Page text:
For software engineering jobs, most companies, especially startups, just can't find qualified candidates, even after tapping their networks. If you're one of these companies who has more trouble sourcing (finding candidates) than screening (filtering out candidates that aren't a good match), here are a few tips to get your job post more attention. Some of these tips may require fundamental cultural shifts for your company.List a salary - if good developers are on a job board at all, you need to let them know quickly whether or not your company is worth their time. Posting any salary information other than "comensurate with experience" or similar is a step in the right direction. For example, you could say, "Compensation is completely open, but here's what we have in mind: $90k + meaningful equity stake."Say that you're comfortable with remote work - there is a huge pool of developers who don't live (or don't want to live) in your city. For companies in cities with a high cost of living, you can pay someone 10-20% less and fly them in once a month/quarter for an in-person meeting. Drop the degree requirement - plenty of good developers didn't go to college, didn't finish college, or went to a community college. You're going to have to look more at experience and focus more on evaluating technical skills during interviews. Guarantee the job only requires 40 hours per week - developers with families, startup aspirations, or other priorities have a tough time finding work in an industry where long hours are the norm. In your job post, underscore that your company works at a sustainable pace, rarely requires fire-fighting, and respects other priorities. Guarantee a response - even great developers suffer from resume black holes. In your job post, state your timetable for making a hire and say that you'll respond to each response you get (even if it's a "no").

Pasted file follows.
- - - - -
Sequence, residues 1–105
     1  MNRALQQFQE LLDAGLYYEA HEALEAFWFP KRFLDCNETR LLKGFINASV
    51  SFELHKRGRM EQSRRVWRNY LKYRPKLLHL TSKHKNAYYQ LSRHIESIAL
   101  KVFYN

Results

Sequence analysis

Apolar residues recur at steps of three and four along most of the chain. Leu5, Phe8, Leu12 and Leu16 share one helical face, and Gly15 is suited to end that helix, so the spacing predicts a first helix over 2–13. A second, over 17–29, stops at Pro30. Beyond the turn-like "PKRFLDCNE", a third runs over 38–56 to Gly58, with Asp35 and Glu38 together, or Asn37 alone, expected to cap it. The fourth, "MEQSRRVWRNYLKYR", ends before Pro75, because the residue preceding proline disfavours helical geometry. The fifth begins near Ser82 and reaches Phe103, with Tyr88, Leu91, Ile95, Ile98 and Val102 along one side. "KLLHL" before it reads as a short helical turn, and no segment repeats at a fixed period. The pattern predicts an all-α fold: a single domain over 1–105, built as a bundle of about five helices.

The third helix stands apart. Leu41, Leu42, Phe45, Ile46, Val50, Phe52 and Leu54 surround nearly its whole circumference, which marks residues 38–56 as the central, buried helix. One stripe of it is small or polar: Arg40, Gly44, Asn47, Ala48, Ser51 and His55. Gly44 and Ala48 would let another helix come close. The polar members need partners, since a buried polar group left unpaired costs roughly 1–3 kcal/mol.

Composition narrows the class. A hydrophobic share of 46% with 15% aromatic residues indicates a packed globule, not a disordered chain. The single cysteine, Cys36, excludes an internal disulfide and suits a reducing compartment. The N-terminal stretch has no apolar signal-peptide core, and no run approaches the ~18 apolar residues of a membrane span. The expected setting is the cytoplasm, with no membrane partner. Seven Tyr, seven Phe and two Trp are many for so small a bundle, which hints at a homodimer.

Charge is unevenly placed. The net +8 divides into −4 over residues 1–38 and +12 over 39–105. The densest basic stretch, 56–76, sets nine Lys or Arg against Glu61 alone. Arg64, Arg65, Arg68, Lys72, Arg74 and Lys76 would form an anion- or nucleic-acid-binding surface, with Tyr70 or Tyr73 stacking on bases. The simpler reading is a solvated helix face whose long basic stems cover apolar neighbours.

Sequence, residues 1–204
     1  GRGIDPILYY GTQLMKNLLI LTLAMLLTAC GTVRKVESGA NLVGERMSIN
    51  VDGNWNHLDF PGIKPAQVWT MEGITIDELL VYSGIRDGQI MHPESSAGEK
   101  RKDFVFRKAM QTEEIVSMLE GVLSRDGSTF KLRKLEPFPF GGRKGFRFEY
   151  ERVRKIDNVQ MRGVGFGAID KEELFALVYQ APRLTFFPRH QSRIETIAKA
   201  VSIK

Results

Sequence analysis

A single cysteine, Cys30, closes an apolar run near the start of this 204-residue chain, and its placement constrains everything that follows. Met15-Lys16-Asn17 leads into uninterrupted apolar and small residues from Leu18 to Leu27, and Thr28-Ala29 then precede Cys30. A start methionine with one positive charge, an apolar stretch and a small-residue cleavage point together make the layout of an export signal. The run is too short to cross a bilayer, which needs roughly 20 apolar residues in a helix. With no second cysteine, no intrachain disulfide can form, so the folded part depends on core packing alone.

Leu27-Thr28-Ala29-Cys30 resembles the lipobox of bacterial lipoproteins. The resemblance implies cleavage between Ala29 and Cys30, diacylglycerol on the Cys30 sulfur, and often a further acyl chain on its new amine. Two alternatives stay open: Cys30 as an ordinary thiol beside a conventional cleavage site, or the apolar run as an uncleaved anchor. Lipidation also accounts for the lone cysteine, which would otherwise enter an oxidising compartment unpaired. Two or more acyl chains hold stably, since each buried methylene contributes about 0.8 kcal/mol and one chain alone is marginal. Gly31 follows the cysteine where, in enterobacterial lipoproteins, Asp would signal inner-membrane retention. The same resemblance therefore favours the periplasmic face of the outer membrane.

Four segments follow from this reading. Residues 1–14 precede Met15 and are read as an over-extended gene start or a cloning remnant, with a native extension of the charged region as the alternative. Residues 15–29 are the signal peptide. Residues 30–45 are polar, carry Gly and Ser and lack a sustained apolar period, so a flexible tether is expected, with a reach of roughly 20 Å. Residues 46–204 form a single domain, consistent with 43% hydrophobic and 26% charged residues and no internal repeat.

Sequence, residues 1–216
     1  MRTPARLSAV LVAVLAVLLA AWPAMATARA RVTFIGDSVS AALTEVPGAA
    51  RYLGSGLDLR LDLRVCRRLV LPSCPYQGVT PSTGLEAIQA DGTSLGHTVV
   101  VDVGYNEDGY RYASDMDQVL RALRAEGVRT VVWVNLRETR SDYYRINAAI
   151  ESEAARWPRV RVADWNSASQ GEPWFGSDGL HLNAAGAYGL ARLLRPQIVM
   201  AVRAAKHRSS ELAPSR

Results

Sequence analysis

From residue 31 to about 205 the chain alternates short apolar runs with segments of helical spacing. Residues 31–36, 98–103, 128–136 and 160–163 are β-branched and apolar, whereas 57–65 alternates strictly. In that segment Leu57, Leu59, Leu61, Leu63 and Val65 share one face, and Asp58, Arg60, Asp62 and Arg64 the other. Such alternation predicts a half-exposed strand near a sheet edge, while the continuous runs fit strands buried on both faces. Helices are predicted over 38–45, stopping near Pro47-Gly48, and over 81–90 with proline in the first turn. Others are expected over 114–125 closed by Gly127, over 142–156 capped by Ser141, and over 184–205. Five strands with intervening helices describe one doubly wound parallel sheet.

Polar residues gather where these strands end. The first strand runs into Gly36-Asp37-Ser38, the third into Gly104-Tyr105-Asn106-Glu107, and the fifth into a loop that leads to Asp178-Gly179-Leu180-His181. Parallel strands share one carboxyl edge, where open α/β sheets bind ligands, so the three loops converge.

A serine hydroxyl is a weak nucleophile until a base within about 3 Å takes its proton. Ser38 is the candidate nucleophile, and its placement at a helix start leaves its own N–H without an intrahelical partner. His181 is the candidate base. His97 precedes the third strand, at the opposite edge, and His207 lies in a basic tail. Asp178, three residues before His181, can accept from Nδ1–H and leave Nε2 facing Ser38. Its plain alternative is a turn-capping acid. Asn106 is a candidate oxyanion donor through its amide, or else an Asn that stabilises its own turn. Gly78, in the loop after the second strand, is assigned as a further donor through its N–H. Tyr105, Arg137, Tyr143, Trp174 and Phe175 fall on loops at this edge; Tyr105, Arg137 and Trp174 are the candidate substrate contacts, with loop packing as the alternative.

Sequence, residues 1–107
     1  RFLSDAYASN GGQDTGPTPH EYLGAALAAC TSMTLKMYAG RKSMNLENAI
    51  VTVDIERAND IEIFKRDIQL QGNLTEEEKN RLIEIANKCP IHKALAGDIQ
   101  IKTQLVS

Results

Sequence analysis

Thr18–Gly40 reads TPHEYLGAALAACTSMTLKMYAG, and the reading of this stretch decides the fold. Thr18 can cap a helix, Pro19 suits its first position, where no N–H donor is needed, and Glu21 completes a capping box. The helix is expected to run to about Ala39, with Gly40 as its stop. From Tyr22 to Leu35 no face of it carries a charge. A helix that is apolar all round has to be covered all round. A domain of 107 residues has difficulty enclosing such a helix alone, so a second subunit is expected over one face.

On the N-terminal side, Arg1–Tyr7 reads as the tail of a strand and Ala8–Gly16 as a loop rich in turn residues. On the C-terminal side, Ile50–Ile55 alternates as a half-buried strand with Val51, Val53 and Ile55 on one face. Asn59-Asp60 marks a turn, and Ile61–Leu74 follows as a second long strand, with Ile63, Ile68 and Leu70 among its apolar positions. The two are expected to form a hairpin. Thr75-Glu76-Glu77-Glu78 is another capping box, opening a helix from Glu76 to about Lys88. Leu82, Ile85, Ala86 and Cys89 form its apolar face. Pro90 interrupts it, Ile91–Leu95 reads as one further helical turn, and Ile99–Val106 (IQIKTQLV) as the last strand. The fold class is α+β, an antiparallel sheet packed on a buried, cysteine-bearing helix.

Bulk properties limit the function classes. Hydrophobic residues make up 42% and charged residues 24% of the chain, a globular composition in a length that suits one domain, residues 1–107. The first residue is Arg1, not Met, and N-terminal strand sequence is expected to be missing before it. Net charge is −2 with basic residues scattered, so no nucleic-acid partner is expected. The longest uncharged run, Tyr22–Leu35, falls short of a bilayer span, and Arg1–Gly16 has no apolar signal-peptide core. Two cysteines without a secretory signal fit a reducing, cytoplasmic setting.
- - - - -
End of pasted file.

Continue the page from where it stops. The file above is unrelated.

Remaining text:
Don't look like a recruitment agency - big job boards, especially Craigslist, Dice, and Monster, are overrun with headhunters who make job seekers jump through hoops to find out which company is hiring (so they can protect their massive fees). In your job title, call attention to your company by stating its name and optionally who posted the job description. A post from a tech lead or a CTO will help give developers confidence that their application will be understood. Example: instead of a job title, "Software Engineer", consider, "Software Engineer at MyCompany.com (responses go to CTO)". Offer to train people in a new language - there are times Java or .Net are the right tools for the job, but there are also a lot of developers who would prefer to be coding in Ruby, Python, Scala, etc. In your job post, say that you are willing to consider all good programmers and help them get up to speed on your tech stack.
Avoid Rock Star, Ninja, Guru, etc - Using these terms in your job post may have communicated a trendy vibe at one point, but those times have passed. Now it communicates a desperate attempt to seem cooler than you really are, a sign that you're too full of yourself, or that you're just naive. For more detail, see What developers think when you say "Rock Star". (Thanks for reminding us of this one drivingmenuts)
Keep in mind, these tips are only for companies that have severe sourcing problems. These tips may produce orders of magnitude more resumes for you to look at (not all of which will be good), but there will definitely be a few good ones in the batch if you're willing to look for them.About HireliteHirelite is on a mission to put headhunters out of business. We host speed interviewing events using video chat where 20 job seekers talk to 20 companies for 5 minutes each. We have two upcoming events: one focused on SF Bay/Silicon Valley software jobs and one focused on NYC software jobs. If you're interested, check out Hirelite.com.